MORGAN HILL, Calilf. --A trial has been delayed to next month for a man charged with kidnapping and murdering 15-year-old Sierra LaMar nearly four years ago.
Antolin Garcia-Torres, now 25, is accused of killing Sierra, who was last seen on the morning of March 16, 2012. She left her home in unincorporated Morgan Hill and never showed up to her bus stop for school.
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Garcia-Torres' trial was scheduled for today but Santa Clara County Superior Court Judge Deborah Ryan continued the case to May 23 for his defense attorneys to submit additional evidence for testing.
Garcia-Torres withdrew his waiver for a speedy trial within 60 days, his defense attorneys said.
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Santa Clara County Deputy District Attorney David Boyd told the judge that prosecutors were prepared to proceed with the trial during today's hearing at the Hall of Justice in San Jose.
Sierra's Juicy-brand purse and clothes were found two days after she went missing and her cellphone was later discovered in an agricultural area south of San Jose.
Garcia-Torres was identified as a suspect in the death on May 21, 2012, after Sierra's DNA was found in his red Volkswagen Jetta, prosecutors said.
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The 25-year-old man, who remains in custody at Santa Clara County Main Jail in San Jose, is facing the death penalty in the case.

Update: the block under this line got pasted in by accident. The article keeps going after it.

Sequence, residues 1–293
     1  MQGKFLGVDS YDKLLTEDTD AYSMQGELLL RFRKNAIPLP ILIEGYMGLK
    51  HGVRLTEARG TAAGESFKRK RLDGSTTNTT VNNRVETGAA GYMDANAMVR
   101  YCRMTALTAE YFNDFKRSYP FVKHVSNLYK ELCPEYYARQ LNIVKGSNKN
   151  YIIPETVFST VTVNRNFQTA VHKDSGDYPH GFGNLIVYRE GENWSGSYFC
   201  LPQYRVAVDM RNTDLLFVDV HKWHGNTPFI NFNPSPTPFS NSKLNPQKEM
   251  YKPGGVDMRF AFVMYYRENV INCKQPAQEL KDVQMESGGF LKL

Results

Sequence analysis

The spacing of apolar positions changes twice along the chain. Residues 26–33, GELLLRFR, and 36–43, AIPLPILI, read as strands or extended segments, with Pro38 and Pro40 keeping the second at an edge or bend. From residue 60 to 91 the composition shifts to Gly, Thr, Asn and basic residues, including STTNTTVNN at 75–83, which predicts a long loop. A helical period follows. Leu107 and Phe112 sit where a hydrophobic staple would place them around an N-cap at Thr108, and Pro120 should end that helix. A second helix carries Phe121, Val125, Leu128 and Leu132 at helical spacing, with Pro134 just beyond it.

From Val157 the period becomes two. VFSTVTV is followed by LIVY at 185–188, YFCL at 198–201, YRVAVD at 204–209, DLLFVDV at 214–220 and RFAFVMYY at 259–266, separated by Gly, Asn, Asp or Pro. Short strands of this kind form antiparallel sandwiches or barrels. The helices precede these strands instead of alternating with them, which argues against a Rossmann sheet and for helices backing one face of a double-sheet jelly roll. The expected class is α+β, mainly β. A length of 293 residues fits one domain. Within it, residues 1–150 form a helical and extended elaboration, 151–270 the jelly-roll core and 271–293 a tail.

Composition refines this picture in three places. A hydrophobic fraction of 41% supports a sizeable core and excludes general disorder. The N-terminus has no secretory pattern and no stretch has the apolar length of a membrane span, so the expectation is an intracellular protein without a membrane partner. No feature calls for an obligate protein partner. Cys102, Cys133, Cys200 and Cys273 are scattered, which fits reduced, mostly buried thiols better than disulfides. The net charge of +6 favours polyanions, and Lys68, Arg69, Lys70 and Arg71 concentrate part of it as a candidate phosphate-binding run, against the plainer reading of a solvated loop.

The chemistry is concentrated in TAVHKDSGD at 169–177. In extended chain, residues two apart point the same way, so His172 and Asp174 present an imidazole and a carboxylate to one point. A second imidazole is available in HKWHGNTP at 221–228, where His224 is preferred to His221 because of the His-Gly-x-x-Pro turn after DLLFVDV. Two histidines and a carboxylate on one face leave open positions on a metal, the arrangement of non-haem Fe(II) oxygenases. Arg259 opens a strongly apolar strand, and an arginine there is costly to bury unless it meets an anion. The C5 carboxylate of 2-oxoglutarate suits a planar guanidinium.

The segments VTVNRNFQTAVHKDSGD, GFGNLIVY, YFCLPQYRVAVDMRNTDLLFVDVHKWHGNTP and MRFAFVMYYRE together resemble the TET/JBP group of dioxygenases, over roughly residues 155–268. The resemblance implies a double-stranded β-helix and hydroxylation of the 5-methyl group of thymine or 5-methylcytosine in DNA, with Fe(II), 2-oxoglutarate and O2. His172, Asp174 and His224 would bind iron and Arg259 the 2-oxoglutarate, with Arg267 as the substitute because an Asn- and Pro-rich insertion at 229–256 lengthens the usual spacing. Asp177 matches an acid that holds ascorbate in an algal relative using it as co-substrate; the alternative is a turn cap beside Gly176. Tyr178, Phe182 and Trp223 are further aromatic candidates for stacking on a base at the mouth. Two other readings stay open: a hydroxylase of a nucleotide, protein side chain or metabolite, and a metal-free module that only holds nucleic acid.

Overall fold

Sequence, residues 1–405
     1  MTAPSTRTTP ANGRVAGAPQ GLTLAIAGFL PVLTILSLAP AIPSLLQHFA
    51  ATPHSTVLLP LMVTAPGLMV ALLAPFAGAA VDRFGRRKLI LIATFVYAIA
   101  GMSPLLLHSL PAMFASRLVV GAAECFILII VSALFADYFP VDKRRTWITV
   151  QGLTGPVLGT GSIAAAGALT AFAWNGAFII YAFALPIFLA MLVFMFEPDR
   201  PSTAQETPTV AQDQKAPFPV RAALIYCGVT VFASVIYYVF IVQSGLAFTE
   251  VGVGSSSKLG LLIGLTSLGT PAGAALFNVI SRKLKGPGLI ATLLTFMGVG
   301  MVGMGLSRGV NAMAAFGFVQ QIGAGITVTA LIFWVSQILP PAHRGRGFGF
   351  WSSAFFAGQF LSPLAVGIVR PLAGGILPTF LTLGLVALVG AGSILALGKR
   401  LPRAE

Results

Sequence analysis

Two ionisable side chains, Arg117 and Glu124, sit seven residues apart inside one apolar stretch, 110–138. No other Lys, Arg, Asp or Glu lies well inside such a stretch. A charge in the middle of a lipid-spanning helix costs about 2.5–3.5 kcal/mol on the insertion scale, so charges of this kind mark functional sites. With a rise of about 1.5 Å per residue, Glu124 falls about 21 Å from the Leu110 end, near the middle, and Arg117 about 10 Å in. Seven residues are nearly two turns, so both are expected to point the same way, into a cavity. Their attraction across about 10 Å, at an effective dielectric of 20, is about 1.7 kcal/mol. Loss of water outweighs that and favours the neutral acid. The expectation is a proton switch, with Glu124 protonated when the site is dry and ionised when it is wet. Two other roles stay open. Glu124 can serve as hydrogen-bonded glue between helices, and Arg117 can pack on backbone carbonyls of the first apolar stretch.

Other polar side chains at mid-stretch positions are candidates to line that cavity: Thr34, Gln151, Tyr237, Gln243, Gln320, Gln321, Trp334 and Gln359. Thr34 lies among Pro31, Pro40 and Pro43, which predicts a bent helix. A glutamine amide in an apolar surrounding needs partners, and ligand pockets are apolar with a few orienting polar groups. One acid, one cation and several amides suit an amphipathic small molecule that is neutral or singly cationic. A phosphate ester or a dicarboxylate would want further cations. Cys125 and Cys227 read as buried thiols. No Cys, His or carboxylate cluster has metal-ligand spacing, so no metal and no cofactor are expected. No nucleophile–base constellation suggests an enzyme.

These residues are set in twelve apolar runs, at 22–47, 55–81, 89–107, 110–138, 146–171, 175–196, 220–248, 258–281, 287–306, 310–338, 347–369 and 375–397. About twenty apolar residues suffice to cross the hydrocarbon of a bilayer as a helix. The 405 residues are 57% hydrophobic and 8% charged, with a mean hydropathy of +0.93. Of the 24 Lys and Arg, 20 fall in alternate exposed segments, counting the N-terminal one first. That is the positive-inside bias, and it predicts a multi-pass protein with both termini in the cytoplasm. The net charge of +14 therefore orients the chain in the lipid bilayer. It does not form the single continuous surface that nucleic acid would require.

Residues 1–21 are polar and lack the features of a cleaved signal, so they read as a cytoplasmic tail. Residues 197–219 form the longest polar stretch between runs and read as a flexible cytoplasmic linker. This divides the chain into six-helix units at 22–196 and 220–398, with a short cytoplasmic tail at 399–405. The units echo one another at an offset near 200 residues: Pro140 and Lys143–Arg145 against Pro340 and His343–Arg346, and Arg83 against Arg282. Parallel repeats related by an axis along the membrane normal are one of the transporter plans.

A grand jury indicted Garcia-Torres in 2014 on charges for Sierra's disappearance and death, in addition to kidnapping and carjacking charges involving three women in Morgan Hill supermarket parking lots in 2009.
Sierra's body hasn't been found despite numerous organized search groups through southern Santa Clara County.
Roger Nelson had helped coordinated the search efforts, which ended last year, and was present during today's hearing.
Nelson, along with a handful of other supporters of the LaMar family, said outside of court that they were bothered the trial was continued to a later date, but look forward to justice being served.
Debbie Nunes, a search volunteer who lived down the street from Sierra's bus stop, said after today's hearing that the community would like closure in the case.
"The family deserves answers and it's been four years too long," Nunes said.
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